The former Today Show host listed a $44 million home for sale as part of his divorce settlement with ex-wife Annette Roque.
Roque and Lauer purchased the sprawling estate, which dates back to 1920, in 2013 from actor Richard Gere. While their divorce was pending, the couple lived together in the sprawling, 12-bedroom, 12-bathroom, 6.2-acre estate. Now, Roque plans to move to another Hamptons home with the children, and Lauer will seek alternative arrangements.
Roque filed for divorce shortly after sexual misconduct allegations against Lauer surfaced in 2017. NBC did not include Lauer on a recent 25th anniversary Today Show video.
“Unlike the Lauers, most New Yorkers only have one family home, and it’s not a mansion in the Hamptons,” observed Syracuse family law attorney Richard J. Bombardo. “Disposing of this property is often both a financial and emotional conundrum. Fortunately, there are some options available.”
Financially, a house could either be a debt or an asset. Many couples have either substantial equity or substantial negative equity in a property. Cases in the middle, or a minimal amount of equity, are relatively rare.
New York is an equitable division state, so assets and debt must be divided in such a way that does not make the divorce an unfair financial burden on either party. Some factors to consider in this division include:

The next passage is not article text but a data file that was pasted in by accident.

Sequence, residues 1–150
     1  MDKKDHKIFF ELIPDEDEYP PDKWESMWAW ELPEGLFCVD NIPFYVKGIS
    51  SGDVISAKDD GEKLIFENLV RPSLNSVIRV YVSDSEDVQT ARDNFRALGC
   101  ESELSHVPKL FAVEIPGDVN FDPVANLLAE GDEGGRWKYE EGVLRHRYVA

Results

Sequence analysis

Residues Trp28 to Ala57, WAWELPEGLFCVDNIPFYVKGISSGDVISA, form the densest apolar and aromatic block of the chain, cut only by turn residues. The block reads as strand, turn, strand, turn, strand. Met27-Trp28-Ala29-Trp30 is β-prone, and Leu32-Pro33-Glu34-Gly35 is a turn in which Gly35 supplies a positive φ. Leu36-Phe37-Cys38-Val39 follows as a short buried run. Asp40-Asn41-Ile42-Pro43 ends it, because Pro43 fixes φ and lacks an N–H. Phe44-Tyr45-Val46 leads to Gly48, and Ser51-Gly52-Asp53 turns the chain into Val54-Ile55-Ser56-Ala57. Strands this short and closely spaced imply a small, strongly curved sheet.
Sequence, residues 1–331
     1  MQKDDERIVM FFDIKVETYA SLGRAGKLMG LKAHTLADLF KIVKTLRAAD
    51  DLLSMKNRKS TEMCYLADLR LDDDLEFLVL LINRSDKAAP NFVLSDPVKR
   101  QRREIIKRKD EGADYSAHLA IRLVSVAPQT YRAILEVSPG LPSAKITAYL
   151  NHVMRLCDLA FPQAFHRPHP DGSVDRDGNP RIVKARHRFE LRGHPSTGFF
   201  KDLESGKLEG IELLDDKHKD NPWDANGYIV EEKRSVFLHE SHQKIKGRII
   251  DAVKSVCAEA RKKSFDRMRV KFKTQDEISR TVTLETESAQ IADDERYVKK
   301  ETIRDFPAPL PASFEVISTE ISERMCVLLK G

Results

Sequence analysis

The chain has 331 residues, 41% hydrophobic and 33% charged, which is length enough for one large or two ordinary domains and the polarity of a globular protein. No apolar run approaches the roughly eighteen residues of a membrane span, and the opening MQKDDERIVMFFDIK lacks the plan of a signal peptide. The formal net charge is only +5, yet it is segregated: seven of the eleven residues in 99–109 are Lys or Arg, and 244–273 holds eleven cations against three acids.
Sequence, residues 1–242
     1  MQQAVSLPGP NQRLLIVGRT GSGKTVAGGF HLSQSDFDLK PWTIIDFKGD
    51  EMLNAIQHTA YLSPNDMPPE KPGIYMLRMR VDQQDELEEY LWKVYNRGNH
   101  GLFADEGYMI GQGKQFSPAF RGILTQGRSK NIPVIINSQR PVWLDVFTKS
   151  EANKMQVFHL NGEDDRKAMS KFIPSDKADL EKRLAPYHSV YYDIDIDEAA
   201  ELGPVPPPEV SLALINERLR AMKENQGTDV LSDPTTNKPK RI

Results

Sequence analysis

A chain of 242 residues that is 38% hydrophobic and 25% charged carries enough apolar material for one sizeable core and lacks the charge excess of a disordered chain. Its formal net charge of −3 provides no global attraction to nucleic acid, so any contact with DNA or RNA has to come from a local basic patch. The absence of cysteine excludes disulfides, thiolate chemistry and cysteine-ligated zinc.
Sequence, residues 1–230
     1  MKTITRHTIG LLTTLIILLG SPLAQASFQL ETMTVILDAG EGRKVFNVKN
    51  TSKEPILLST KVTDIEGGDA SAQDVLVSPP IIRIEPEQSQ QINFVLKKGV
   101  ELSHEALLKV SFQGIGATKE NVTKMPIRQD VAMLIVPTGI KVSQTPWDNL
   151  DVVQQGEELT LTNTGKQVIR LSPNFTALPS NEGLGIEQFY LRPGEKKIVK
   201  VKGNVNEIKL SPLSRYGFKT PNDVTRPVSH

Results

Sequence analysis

- Income and property of each spouse at the time of divorce,
- Duration of the marriage,
- Custody of minor children,
- Standard of living during the marriage,
- Economic and noneconomic contributions to the relationship, and
- Other property orders, including alimony payments.
Emotionally, it’s usually in the best interests of the children for them to remain in the family home. Many times, the residential parent needs some financial help in this area, at least for a little while. In these situations, the judge could either divide the mortgage obligation or approve more alimony.
This division often creates economic problems all of its own. As mentioned, many spouses have substantial equity in their homes at the time of divorce. To preserve the non-residential custodian’s interests, an owelty lien of partition may be an option. The non-owner spouse takes out a lien for his or her equity share. Later, when the other spouse sells the property, the lien must be paid.
In this way, one spouse gets to stay in the home with the children, the other spouse is not prejudiced (assuming the lien includes an interest provision), and the house stays in the family. In other situations, an offset may be appropriate. For example, Husband could waive his equity claim in exchange for a larger share of a retirement account.